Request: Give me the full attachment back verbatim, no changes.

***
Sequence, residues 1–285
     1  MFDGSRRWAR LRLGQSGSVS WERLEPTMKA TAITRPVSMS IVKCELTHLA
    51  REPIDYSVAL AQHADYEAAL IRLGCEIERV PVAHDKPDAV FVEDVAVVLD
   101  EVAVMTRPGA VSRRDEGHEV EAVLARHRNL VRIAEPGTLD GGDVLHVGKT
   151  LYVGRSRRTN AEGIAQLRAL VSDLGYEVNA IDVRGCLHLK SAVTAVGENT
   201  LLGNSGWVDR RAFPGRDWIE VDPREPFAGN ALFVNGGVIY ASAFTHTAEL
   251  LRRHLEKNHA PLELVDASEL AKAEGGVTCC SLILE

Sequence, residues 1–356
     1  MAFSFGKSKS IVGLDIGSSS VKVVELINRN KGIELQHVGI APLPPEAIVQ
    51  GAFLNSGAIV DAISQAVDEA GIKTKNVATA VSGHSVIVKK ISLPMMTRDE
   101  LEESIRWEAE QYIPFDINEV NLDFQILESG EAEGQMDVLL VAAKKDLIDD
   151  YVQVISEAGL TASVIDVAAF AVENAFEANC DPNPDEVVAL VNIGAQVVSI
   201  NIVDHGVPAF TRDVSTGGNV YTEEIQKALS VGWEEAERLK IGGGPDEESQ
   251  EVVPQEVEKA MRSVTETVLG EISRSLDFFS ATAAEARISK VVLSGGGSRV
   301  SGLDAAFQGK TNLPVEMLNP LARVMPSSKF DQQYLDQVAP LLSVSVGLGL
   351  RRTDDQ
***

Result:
Sequence, residues 1–285
     1  MFDGSRRWAR LRLGQSGSVS WERLEPTMKA TAITRPVSMS IVKCELTHLA
    51  REPIDYSVAL AQHADYEAAL IRLGCEIERV PVAHDKPDAV FVEDVAVVLD
   101  EVAVMTRPGA VSRRDEGHEV EAVLARHRNL VRIAEPGTLD GGDVLHVGKT
   151  LYVGRSRRTN AEGIAQLRAL VSDLGYEVNA IDVRGCLHLK SAVTAVGENT
   201  LLGNSGWVDR RAFPGRDWIE VDPREPFAGN ALFVNGGVIY ASAFTHTAEL
   251  LRRHLEKNHA PLELVDASEL AKAEGGVTCC SLILE

Sequence, residues 1–356
     1  MAFSFGKSKS IVGLDIGSSS VKVVELINRN KGIELQHVGI APLPPEAIVQ
    51  GAFLNSGAIV DAISQAVDEA GIKTKNVATA VSGHSVIVKK ISLPMMTRDE
   101  LEESIRWEAE QYIPFDINEV NLDFQILESG EAEGQMDVLL VAAKKDLIDD
   151  YVQVISEAGL TASVIDVAAF AVENAFEANC DPNPDEVVAL VNIGAQVVSI
   201  NIVDHGVPAF TRDVSTGGNV YTEEIQKALS VGWEEAERLK IGGGPDEESQ
   251  EVVPQEVEKA MRSVTETVLG EISRSLDFFS ATAAEARISK VVLSGGGSRV
   301  SGLDAAFQGK TNLPVEMLNP LARVMPSSKF DQQYLDQVAP LLSVSVGLGL
   351  RRTDDQ